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A father in Tennessee stirred up a fuss on Facebook in September with a post about his child’s Capri Sun containing mold that went viral. This is not the first time this post has made its rounds on social media. Many parents are left asking if Capri Sun mold is really a thing or not…
“So tonight after dinner our oldest asked for some “juice” (Capri Sun) as a treat for eating good,” he wrote in a post that was accompanied by photo and video evidence. “I grabbed one out of the refrigerator and notice something odd about it… it seems low in content, I take a closer look at the packaging and don’t notice a hole or anything. So I shake it up some, only to find an unknown substance floating around in the package. To say we are irate would be an understatement… we don’t give these to our children often but will NEVER again.”
Nobody wants to find mold in their Capri Sun. Nobody wants to find mold in anything that they’re eating, as far as I can tell, unless they’re on a truly radical probiotic diet. When I saw this post, however, I felt more than disgust and apprehension; I felt deja vu. Haven’t we been here before?
We have indeed. Capri Sun prides itself on being a juice mix that’s free of preservatives. Everything in the pouch is natural, with no added ingredients to stretch out the shelf life. If the manufacturing went right and the integrity of a Capri Sun pouch isn’t compromised before it’s opened, the no-preservatives thing isn’t generally a problem; the juice is contained in a relatively sterile environment, so while it might go off if you leave it well past its expiration date, it’s not likely to start growing stuff.
If anything happens to the Capri Sun pouch, however, it’s a different story. There’s a long history of people finding stuff in their Capri Sun pouches that they didn’t expect to find. Snopes has an excellent write-up of difference incidents over the years that I’ll summarize in brief here. In January 2012, a boy in North Carolina found something in his Capri Sun that his mom thought might have been a worm. Capri Sun’s response was that it was probably mold, which can form itself into worm-like shapes under the right conditions.
The next month, in February of 2012, there was another incident. A Philadelphia mom told her local CBS station that she’d found a glob of mold with unappetizing black dots in her her daughter’s Capri Sun. “Very gross looking, and then if you turn it, you can see little black particles,” she told the station. “I’m concerned about my daughter’s health, about kids drinking this and if they’re at risk.”
In June 2012, two families in Virginia Beach reported that they’d also found mold in their Capri Sun, saying that it tasted “nasty” and “like champagne.” About six months later, a post on Facebook about another contaminated juice pouch went viral, echoing many of the same complaints that we’re hearing in 2018.
Capri Sun responded to the series of mold-related incidents by changing up the designs of their pouches in 2014. Previously, the pouches had silvery bottoms that you couldn’t see through. That’s the way I remember them from the AYSO games of my childhood.
The problem was that there wasn’t anywhere on the Capri Sun that provided a window to the juice. That meant that consumers couldn’t check for themselves whether the pouch had gone off. If there was mold inside, they had to find out by drinking it and getting a nasty surprise, or by cutting the pouch open entirely, which sort of defeats the point of a juice pouch in the first place.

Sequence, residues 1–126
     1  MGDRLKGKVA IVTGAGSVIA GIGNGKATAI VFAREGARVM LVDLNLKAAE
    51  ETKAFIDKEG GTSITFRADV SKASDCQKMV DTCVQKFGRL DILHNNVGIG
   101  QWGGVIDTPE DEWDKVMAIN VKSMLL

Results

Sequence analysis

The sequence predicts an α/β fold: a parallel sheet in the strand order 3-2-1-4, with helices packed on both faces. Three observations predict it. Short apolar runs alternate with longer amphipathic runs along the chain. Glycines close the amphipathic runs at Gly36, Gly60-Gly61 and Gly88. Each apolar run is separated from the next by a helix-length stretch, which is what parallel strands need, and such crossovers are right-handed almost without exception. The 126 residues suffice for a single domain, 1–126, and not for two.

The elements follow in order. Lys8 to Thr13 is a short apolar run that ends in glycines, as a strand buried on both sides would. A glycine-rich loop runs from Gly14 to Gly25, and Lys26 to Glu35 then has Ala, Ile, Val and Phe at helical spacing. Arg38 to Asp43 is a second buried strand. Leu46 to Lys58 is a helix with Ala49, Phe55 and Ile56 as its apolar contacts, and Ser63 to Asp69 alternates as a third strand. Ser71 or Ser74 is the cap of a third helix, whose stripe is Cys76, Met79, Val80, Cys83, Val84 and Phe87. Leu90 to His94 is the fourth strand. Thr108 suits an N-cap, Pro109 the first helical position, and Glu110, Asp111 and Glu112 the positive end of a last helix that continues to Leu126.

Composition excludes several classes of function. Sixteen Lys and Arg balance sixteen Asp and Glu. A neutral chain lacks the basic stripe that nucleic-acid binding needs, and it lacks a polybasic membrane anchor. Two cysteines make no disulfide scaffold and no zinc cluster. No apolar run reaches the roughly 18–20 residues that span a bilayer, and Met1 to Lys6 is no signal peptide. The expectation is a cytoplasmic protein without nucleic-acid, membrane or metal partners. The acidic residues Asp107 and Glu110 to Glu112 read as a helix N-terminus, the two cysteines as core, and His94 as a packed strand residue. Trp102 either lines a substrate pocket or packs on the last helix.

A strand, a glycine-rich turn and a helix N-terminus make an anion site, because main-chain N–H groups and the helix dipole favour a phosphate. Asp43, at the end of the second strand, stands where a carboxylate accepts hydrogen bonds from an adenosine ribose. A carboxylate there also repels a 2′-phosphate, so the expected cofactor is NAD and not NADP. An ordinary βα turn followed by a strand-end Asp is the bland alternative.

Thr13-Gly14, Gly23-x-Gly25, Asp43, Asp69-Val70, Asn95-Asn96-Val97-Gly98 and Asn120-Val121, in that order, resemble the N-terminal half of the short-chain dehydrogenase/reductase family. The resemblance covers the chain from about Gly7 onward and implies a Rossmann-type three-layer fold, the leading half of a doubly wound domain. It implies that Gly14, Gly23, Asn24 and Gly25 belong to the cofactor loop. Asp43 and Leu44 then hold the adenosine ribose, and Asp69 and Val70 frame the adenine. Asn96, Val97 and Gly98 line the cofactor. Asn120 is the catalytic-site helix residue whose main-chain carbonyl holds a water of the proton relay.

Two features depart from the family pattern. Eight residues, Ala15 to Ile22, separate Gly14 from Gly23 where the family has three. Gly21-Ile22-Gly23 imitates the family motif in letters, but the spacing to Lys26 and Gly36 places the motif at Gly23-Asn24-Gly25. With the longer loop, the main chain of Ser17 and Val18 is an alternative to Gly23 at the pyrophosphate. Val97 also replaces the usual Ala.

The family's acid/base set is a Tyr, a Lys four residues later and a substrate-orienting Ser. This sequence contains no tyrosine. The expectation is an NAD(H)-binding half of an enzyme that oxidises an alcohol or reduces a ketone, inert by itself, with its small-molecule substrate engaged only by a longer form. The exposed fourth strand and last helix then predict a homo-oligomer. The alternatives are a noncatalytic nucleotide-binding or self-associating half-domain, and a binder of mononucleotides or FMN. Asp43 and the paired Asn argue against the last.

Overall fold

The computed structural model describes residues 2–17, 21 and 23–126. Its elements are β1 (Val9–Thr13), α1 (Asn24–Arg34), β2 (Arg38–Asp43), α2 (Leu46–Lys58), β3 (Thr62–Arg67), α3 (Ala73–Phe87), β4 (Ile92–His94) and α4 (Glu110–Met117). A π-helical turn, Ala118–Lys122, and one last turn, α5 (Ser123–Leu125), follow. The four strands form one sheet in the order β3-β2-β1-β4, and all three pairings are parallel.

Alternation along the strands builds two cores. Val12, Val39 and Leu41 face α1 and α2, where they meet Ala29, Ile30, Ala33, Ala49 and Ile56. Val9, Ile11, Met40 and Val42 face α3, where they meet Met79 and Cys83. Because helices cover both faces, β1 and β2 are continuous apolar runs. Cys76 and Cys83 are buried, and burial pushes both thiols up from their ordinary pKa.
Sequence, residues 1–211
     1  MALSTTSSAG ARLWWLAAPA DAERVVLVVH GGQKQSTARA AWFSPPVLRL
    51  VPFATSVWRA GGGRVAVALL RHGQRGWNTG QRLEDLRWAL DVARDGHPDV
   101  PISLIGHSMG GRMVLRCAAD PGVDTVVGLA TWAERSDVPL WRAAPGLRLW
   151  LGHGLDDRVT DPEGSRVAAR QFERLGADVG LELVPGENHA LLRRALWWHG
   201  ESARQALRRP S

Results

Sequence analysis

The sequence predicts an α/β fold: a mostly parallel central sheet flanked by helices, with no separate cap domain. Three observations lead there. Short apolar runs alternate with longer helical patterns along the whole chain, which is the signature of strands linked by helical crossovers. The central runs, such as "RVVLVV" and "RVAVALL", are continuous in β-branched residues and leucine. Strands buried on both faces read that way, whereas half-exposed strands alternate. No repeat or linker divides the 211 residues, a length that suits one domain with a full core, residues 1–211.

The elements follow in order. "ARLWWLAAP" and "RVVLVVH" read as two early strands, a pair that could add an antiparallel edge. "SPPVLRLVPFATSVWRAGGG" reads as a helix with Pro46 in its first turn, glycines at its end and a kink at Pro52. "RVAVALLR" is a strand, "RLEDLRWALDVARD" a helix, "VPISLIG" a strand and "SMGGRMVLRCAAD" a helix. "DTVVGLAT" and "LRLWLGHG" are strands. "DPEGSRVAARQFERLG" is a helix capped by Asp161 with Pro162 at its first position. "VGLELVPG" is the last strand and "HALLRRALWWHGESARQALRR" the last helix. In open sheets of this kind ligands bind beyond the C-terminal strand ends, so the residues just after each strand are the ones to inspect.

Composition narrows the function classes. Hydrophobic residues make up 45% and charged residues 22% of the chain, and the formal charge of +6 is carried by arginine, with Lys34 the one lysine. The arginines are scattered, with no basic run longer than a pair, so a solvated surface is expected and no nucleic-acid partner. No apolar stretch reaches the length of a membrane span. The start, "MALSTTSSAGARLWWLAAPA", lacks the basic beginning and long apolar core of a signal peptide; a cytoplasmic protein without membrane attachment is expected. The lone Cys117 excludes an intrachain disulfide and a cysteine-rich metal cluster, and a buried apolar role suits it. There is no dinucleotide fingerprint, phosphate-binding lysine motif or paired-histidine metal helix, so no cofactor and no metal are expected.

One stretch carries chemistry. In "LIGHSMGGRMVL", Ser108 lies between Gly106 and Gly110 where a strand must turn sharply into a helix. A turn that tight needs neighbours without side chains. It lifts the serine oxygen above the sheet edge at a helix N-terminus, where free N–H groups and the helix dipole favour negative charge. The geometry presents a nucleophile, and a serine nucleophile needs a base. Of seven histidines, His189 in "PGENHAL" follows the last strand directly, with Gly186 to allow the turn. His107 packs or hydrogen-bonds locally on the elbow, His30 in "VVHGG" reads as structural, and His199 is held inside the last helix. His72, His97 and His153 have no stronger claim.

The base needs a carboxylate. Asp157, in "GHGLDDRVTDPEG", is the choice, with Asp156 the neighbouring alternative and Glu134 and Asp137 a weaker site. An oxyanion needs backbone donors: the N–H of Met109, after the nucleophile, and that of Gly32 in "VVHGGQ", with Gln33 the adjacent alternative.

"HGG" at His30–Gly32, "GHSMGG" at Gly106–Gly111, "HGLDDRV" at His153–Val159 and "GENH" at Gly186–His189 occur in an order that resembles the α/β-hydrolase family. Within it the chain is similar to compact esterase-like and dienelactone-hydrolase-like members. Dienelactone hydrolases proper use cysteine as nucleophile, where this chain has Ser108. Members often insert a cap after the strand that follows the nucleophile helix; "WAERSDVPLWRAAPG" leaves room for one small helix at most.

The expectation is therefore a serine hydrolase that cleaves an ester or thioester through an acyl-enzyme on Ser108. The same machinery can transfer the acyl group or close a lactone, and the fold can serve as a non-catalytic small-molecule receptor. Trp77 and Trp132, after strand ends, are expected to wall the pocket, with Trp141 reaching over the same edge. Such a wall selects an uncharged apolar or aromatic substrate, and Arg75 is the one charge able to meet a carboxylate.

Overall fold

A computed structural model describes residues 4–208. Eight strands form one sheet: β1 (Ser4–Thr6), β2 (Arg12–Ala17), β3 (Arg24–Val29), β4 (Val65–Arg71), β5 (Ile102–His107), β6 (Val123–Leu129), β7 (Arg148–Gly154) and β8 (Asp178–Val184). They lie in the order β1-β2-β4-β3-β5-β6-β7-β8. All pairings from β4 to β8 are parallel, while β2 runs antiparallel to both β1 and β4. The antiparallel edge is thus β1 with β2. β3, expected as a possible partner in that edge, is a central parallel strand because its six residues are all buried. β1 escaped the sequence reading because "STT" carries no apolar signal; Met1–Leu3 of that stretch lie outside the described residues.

As part of their 2014 redesign, Capri Sun introduced a clear plastic bottom to their pouches. That was intended to give customers just such a window to peer through to see if there was mold inside or not. With the visual check, they would at least be spared having to find out that the product had a clump of mold in it the hard and gross way, which in this case is tasting the mold sight unseen.
The PR problem of mold, however, has persisted for Capri Sun, as evidenced by last month’s viral Facebook post. People just don’t like finding slimy clumps of something in a drink that they bought and paid for, regardless of whether or not that drink comes with a convenient clear plastic window with which to spot the slimy clump.
That’s the dilemma for Capri Sun: a big part of their image and branding is that they’re selling a natural product that’s free of preservatives. People like that, and they respond to it, because most people have the general sense that a good bit of the food out there is loaded up with nasty chemicals that do their health no favors in the long run. Foods advertised as being without preservatives sound cleaner, and safer, and better for their health.
The problem, of course, is that preservatives serve an important purpose; they preserve food. They help to stave off spoilage and the growth of things like mold. Mold spores are microscopic, much too small to be seen without the help of magnification, and they’re near-ubiquitous. They’re everywhere in the natural world, which is how mold manages to spring up so quickly in so many places. Even a well-sealed Capri Sun isn’t totally safe; the spores are so common that you’ll probably eventually get mold in a Capri Sun that’s sat out for long enough. A small hole or tear in the pouch only increases the likelihood of such an outcome.
By: Sean McNulty, Contributing Writer (Non-Lawyer)
* Photo courtesy of the Associated Press – https://wset.com/news/nation-world/father-posts-psa-after-he-finds-mold-in-kids-juice-pouch